Create your workflow
When creating artwork digitally there are many parallels with traditional techniques. But there are also a number of differences – especially when using iPad apps. Initially, I struggled with developing a new workflow that allowed me to produce artwork in the way I was used to. To help you with this, I am going to break down the stages of creating an illustration on the iPad. Hopefully this overview will allow you to get started and develop your own workflow.
Experiment with tools and colours
The first mistake most people make is to dive straight into a piece of artwork, which often results in frustration when it doesnʼt go well. In most cases, this can be avoided by spending a few minutes planning the artwork beforehand. Typically, I will do a number of loose sketches to figure out what the composition of my painting should be and then start playing with colours. This planning stage is particularly important if it is your first-ever iPad painting, because it will help familiarise you with adjusting brush settings and mixing colours.
In this illustration I decided to do a pencil-like drawing of the background environment. This sketch began very loose, with my blocking in some basic shapes. Then, as I became happier with the positioning, I reduced the size of my brush and sketched in finer details. Sometimes you may do the rough sketch on one layer and then the more detailed sketch on a second layer. That way you can easily delete the first layer at the end leaving just the finer sketch.
Once I was pleased with the sketch, I begin painting the colours of the background environment. Typically I do this on a layer that is underneath the pencil sketch, which means I can see the sketch at all times. Once the painting started to look good, I deleted the sketch layer and painted a few necessary outlines onto the background to compensate.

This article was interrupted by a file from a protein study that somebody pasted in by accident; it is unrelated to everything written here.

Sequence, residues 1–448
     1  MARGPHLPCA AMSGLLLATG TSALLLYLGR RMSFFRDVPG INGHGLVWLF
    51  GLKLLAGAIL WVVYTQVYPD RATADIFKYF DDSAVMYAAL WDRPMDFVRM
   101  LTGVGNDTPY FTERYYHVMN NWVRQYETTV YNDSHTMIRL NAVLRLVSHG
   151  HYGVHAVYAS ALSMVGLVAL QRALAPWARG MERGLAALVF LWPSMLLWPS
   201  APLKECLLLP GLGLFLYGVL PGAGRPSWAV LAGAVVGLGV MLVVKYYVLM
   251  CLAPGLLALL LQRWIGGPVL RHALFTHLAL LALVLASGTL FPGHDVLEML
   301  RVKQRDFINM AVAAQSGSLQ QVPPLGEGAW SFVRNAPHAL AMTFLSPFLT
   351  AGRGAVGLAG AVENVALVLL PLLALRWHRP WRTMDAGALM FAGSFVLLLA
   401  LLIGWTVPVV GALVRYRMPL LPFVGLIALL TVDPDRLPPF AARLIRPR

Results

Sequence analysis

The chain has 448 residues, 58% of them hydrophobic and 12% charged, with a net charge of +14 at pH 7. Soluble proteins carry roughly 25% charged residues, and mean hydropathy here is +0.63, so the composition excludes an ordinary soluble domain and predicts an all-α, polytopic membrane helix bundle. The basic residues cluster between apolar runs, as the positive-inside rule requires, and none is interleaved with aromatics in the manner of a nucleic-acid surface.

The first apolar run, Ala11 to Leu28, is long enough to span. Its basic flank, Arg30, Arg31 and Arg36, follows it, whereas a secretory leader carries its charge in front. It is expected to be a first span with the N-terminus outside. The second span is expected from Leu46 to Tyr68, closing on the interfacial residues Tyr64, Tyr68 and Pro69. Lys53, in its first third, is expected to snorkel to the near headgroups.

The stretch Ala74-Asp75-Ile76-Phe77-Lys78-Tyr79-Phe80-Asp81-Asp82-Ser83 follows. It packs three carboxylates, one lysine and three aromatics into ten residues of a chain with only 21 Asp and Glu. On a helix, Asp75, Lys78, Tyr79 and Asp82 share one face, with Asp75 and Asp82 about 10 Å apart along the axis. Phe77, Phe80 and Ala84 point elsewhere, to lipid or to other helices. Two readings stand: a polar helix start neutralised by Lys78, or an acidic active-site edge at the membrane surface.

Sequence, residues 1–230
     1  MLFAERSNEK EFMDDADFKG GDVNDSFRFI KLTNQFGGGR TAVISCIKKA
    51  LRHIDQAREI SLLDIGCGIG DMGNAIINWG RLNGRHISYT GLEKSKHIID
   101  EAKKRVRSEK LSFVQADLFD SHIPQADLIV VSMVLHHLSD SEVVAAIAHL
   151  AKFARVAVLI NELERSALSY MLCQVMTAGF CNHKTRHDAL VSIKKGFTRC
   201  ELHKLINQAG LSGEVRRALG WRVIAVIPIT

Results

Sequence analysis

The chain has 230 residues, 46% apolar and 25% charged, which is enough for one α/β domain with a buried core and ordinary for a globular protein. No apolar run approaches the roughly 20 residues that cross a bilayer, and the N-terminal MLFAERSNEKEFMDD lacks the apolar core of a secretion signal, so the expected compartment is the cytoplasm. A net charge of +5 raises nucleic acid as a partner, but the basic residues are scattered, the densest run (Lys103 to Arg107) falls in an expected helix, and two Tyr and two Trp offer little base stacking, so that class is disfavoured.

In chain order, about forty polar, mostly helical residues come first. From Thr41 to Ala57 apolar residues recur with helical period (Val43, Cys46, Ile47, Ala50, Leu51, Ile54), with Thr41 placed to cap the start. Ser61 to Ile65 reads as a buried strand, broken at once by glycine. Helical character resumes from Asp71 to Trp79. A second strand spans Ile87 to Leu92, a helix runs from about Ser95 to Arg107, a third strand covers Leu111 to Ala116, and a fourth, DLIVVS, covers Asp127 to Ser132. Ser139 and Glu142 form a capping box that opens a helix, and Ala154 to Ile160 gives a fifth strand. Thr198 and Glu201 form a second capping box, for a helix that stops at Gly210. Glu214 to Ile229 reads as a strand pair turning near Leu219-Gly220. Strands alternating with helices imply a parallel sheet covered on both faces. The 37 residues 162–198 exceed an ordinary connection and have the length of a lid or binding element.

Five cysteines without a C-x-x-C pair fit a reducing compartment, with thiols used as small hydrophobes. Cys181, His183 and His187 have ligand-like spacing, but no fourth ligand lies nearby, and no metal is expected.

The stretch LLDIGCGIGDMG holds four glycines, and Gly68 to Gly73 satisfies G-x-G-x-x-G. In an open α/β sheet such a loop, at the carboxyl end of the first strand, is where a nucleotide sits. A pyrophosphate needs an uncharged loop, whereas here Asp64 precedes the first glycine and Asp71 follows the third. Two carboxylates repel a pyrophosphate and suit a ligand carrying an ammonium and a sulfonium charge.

With the background complete, I then reduced the opacity of the background layer to around 30 percent, created a new layer and began sketching the leaping kitten character. As with the background, I started very loose on one layer, reduced the opacity and sketched a more tidy version on a second layer. This resulted in a clean outline sketch of the kitten.
Next, up on a new layer between the background and the sketch, I painted colour onto the kitten. When painting anything, I usually decide on an overall colour which is featured most often in the character as a base, and paint the less frequent colours over the top. In this example I began with a cream colour for the kitten and then painted orange and brown patterns for the fur, and pink and green for the paws, ears, mouth and eyes.
Last of all, I created another new layer and painted a single falling leaf with a few shades of green. With the leaf on a separate layer apart from everything else, I was then able to duplicate it and move the second leaf somewhere else in the painting. I did this a number of times to create a range of different sized leaves at different angles. I also used an additional layer with the blend mode Color to paint a few of the leaves a different hue. At the end I merged all of the leaves onto one layer.
Hopefully seeing a breakdown of how this illustration was created will help start to create your own iPad artwork. The method I demonstrated here is by no means the only workflow you will ever need. Sometimes your artwork will be much more complex than this and require many more layers and blending techniques. Other times you may not even use layers and go straight in without a sketch. There are no rules.